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Mt. Pulaski , Illinois
July 13, 1961     Times
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July 13, 1961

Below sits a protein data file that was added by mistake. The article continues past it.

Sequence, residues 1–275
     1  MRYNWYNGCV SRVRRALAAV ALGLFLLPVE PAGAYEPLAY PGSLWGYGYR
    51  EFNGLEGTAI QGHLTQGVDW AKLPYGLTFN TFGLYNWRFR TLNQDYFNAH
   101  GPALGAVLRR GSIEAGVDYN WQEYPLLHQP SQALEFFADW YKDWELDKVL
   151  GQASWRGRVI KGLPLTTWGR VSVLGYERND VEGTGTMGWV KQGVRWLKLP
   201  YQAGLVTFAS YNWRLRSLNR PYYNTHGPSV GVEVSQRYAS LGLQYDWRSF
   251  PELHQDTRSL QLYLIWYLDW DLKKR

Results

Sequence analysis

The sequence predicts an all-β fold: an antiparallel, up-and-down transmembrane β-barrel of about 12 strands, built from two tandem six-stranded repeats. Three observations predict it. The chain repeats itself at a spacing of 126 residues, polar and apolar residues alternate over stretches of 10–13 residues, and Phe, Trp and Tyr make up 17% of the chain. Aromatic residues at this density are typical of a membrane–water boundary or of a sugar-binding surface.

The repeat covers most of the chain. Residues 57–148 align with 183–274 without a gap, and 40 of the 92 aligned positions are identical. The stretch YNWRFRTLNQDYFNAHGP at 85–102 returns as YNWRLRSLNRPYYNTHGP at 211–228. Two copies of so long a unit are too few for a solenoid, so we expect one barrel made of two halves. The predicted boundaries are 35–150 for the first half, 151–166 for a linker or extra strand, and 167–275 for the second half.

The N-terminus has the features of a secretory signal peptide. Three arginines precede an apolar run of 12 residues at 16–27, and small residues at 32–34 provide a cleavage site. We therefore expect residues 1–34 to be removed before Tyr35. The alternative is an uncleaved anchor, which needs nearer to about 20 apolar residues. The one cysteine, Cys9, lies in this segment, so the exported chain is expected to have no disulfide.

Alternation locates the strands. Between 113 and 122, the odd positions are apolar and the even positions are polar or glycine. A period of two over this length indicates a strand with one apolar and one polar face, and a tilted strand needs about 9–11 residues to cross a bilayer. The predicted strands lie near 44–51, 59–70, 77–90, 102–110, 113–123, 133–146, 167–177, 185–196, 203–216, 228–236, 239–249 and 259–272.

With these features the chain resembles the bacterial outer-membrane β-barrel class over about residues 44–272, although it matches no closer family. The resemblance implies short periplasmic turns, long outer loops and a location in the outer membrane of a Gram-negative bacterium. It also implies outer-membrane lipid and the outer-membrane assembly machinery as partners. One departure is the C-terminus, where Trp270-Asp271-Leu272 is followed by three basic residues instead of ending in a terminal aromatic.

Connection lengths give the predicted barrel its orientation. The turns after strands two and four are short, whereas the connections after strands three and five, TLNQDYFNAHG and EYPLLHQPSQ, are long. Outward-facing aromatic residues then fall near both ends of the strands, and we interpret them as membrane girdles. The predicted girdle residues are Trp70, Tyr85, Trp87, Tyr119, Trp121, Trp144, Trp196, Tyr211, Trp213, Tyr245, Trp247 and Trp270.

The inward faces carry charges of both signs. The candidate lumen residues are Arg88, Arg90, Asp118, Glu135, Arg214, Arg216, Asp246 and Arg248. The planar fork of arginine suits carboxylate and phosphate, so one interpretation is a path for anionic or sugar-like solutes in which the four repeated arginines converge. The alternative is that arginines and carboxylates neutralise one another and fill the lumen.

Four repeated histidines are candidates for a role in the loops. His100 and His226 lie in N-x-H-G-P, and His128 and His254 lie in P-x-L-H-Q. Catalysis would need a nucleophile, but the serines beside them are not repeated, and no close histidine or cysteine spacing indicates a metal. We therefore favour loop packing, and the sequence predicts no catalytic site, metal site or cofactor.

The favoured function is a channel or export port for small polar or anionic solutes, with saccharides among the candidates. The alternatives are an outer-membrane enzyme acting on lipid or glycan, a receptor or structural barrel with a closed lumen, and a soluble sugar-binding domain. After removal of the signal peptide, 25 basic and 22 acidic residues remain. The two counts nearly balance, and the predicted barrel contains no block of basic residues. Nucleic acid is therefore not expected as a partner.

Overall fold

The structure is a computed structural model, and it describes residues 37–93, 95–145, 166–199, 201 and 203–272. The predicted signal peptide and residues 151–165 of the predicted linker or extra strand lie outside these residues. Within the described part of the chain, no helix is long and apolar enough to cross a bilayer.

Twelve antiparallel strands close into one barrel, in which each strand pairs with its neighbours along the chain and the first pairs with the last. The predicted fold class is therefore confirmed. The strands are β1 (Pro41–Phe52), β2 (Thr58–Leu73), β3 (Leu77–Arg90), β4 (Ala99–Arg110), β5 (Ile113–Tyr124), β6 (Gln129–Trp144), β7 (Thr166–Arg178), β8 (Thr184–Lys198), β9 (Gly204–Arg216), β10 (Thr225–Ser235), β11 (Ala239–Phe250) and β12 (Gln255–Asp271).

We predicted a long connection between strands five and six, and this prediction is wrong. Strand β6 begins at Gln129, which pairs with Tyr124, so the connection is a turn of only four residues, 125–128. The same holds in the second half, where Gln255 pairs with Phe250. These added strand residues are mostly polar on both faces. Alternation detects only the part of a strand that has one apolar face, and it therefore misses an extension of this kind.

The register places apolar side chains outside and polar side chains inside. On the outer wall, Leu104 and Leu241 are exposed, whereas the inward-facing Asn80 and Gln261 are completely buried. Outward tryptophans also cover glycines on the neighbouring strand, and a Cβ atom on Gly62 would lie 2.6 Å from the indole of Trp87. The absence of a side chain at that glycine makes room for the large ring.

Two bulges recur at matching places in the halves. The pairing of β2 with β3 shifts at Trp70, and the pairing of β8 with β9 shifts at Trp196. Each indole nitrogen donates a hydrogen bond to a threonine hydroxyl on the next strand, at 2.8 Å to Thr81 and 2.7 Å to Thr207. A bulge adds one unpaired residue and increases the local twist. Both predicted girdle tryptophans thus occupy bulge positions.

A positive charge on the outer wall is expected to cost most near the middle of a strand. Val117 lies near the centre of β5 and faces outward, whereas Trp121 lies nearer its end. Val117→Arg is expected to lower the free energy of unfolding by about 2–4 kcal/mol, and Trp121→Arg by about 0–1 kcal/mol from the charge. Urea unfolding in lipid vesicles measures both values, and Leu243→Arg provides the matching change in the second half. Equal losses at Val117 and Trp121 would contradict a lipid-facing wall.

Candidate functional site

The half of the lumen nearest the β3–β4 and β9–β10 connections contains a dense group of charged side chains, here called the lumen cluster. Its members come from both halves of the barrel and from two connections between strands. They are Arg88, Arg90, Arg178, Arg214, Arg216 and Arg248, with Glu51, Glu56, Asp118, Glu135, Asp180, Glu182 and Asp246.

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) Sinceri00/ of Vaughn DeLea00h Impresses Critic The rate Mrs. Augusta Rupp received a clipping from the Phil- adelphia Daily Chronicle, re- garding her niece, Vaughn De- Leath, written by a staff mem- ber in his column "Behind the Scenes," and it will be of inter- est to the many friends of this famous radio star, who was born in Mount Pulaski and is now making stage appearances. A Meeting With Vaughn DeLeath "Vaughn DeLeath first intro- duced herself to me about five years ago via my radio. Since then, both Miss DeLeath and I have agreed that her best num- ber is "The Toymaker's Dream". It has lingered in my mind ever since, and, doubtless, it is still in her blood. "You can understand, perhaps, that I was somewhat thrilled a day or two ago when I was privi- leged to interview this famous artist who is playing all this week at Fay's Theatre, 40th and Market Sts. "To get in the mood for the in- terview, I first watched her per- formance from the orchestra and, while observing, thought: 'Now here is an artist who is not high- strung and tempermental, as you might expect her to be'. "She makes the impression of being the genial, whole-hearted friendly sort, the type who would give a ragged newsboy a green- back for a paper and tell him to have the rest for 'morn'. "Fifteen minutes later, seated in her dressing room, chatting with her and Miss Nora Lee, her acompanist, I realized the truth of my first impression. "Miss DeLeath, in the first five minutes of your acquaintance, makes you as much at home as tho you were an old friend. Her impressive, naturalness is not part of her act; it is, a part of her, a quality which is symbolic of sincerity. "Although born in Illinois, she is true to her profession in claim- ing New York as her home by adoption. She is also justly proud of the distinction of having been the first woman to sing over the radio. (Please don't start figur- ing, that wasn't so long ago.) "Asked if the greatest thrill to an entertainer was the over- whelming applause she was both surprising and pleasing in her reply: "'I suppose all entertainers like to hear applause, but my biggest AN ASCAP BIOGRAPHICAL DICTIONARY of Composers, Authors and Publishers was presented to Miss Florence Wynd, librarian at the Mount Pulaski Township Library by Publisher Har D " a. Wible. The book was presented in memoD, of Vaughn De Leath. First Lady of Radio. who in addition to her singing fame, wrote many musical compositions, tter name and many of her com- positions are listed in the book.--Times-News Photo. EDITION (Times.News, ML Pulaski, nL) THURSDAY, JULY 15 LOREN HARPER WITH VOICE OF AMERICA Loren Harper, a Mount Pulaski high school graduate, has had a distinguished career in radio and television and is now Deputy Chief, Special Events Section, of the Voice of America, Washing. ton, D. C. His career started as a com- mercial announcer on local radio stations in the midwest, includ- ing Springfield, where he did newscasts, commercials and sports. In 1941 he moved East, first to New York and then to Washing- ton, D.C. Since that time his achievements have included: pro- ducer and director for the Colum- bia Broadcasting System. con. tract announcer for American To- baccco Co., newscaster for the Office of War Information, direct- or and actor during the early thrill comes in my fan mail when experimental period for the Du- someone tells me that my songs Mont Television Co., director for have entertained their sick child, the Columbia Broadcasting Sys- or that I have helped some tired tern in Washington, D.C., where mother'." he handled broadcasts direct from the White House and the "WHEATHEART" TO APPEAR IN DECATUR LABOR DAY PARADE (August 31, 1939) Miss Eileen Stopher, "Wheat. heart" of the World's Fair, has a full day's program outlined for l her on Labor Day, Sept. 4 when she makes five appearances in Decatur. Monday morning she will be featured in the Labor Day Parade which takes place at 10 o'clock in Decatur. She will head the the second section of this big parade and will appear in her Farmerette costume which she wore at the New York World's Fair. In the afternoon she will make two appearances at the Lincoln Theatre in Decatur, being featur. ed with Joe Sanders, the ole left- hander, and his orchestra. Sand- DONALD A. SNYDER NOW PRESIDENT OF AMERICAN CAN Donald A. Snyder, a product of! .. Mount Pulaski high school, then auon at Menasha, Wis. completing his schooling at the he moved through University of Illinois, is now vice- president of American Can Com- pany and general manager of its Marathon division. This is the story of another "country boy" who made good. Before his latest promotion, he was assistant general manager for Marathon, a national leader in the manufacture of pulp, pap- er, paperboard, and paper pack- aging. Born at Mount Pulaski on July 3, 1902, the son of Frank B. and Lena Ayres Snyder, he attended the local grade and high school in the Class of 1920. He later at- tended the University of Illinois and graduated in the Class of 1926 with a Bachelor of Science degree in General Business and Accountancy, and a C.P.A. certifi. cate. Snyder was married in 1935 to Lois D. Flood of Chicago. Two children came into the Snyder household, Jeffrey F., who gradu- ated from Amherst College last year, and is taking graduate work at the State University of Iowa; and Cynthia G., who is a student at Northwestern Univers- ity. After finishing college. Snyder was employed by the Real Silk Hosiery Mills in Indianapolis, Ind., headquartering first at Syra- cuse. N.Y.. and later at Rockford. Ill. Joining the Marathon Corpor- tions principally in the !ng end of the business, Ing a vice.president in the time of the American Can Corn York in 1957, he was dent in charge of Food ing. He later became general manager of Division, and then promoted to general Marathon Division and a president of American Can' Professional activities terms as chairman of of the Waxed Paper Ins director and vice- Waxed Paper MerC Council, Inc., and member of the tee of the National Dairy cil. He also is a Distinguished Service stowed by the Council in recognition of rice to that organization. In the Mar( Inc. publications, he with memberships in ing college fraternities Alpha Sigma Phi Lamina Sigma Beta Alpha Psi Clubs--North Shore Menasha, Wisconsin, sity Club of Chicago. The home addreSS Snyders is 383 Lake sha, Wisconsin. J Vaughn De Leath Firsf Lady To Get ASCAP Emblem The following letter received by Vaughn de Leath in September 1937, from the chairman of the American Society of Composers, Authors and Publishers, is fur. ther indication of the high esteem in which she was held in the field of music: Miss Vaughn de Leath, . The pare Vendome, West 37th Street, New York City. Dear Vaughn" I wanted to personally send you the first of the ASCAP mem- bership pins issued to a woman member, and it is herewith en- closed. We are proud indeed of your membership is ASCAP and I hope this little emblem, which signi- fies that you have made worth- while contributions to American musical literature, and which can be worn only by people who have done that very thing, will be ac- ceptable to you. With warmest personal regards, Sincerely yours, E. C. Mills, Chairman. Capitol, and special events officer for the Voice of America. At one time he was doing the commercials on three daily radio soap operas and lafer, while working in Washington, he was either announcer or director on programs that featured many of the big names in government and the entertainment world. Loren is the son of Mrs. Rich- ard T. Harper, 100, of Mount Pul- aski. The highway commissioner office we have today came into being in 1914 when an election was held on the question of continuing with three commiss- Ioners, or only one. The latter carried by a vote of 409 to 180. ers will introduce Miss Stopher at her appearances on the stage both afternoon and evening, when she again appears at the two night shows. The following day Miss Stopher will enter the Heller Beauty School at Decatur to take up beauty culture, which she had planned on doing before she graduated from high school. John Harold Connelly, a Mount Pulaski high school graduate and then an announcer over a Peoria radio station, acted as master of ceremonies at both the Home- coming here for Miss Stopher, as well as at the Logan County Fair. DONALD A. SNYDER GRANDSONS OF L. IL SCROGGIN, who helped him observe his 90th birthday on January 25, 1909. with a dinner at the old Scroggin Hotel. Back Row: Arthur Scroggin, Frank Suttle, Wilford Scroggin, Sr., Grover Scroggin, Ira Veail, William Whittle, Jr., John Scroggin. Front row: J. h Rothwell, Jr., Thos. L. Rothwell, Logan Anderson, Jr., Len Gasaway, Harry Wells.